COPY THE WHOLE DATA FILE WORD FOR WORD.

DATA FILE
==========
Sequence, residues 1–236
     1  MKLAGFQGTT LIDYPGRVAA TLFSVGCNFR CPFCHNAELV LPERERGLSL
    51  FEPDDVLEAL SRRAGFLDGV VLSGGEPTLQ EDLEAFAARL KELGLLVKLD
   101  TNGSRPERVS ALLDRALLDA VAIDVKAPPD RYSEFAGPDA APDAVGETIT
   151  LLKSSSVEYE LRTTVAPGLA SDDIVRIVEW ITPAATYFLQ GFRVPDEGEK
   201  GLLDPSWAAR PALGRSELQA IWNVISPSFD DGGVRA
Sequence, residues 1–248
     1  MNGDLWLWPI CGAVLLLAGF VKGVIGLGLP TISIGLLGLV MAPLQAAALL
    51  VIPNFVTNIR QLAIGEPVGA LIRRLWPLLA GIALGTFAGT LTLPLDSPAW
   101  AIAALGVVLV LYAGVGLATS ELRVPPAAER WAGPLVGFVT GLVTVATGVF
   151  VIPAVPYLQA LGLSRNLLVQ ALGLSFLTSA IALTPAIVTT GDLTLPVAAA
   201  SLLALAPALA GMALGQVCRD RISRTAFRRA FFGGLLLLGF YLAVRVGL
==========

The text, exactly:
Sequence, residues 1–236
     1  MKLAGFQGTT LIDYPGRVAA TLFSVGCNFR CPFCHNAELV LPERERGLSL
    51  FEPDDVLEAL SRRAGFLDGV VLSGGEPTLQ EDLEAFAARL KELGLLVKLD
   101  TNGSRPERVS ALLDRALLDA VAIDVKAPPD RYSEFAGPDA APDAVGETIT
   151  LLKSSSVEYE LRTTVAPGLA SDDIVRIVEW ITPAATYFLQ GFRVPDEGEK
   201  GLLDPSWAAR PALGRSELQA IWNVISPSFD DGGVRA
Sequence, residues 1–248
     1  MNGDLWLWPI CGAVLLLAGF VKGVIGLGLP TISIGLLGLV MAPLQAAALL
    51  VIPNFVTNIR QLAIGEPVGA LIRRLWPLLA GIALGTFAGT LTLPLDSPAW
   101  AIAALGVVLV LYAGVGLATS ELRVPPAAER WAGPLVGFVT GLVTVATGVF
   151  VIPAVPYLQA LGLSRNLLVQ ALGLSFLTSA IALTPAIVTT GDLTLPVAAA
   201  SLLALAPALA GMALGQVCRD RISRTAFRRA FFGGLLLLGF YLAVRVGL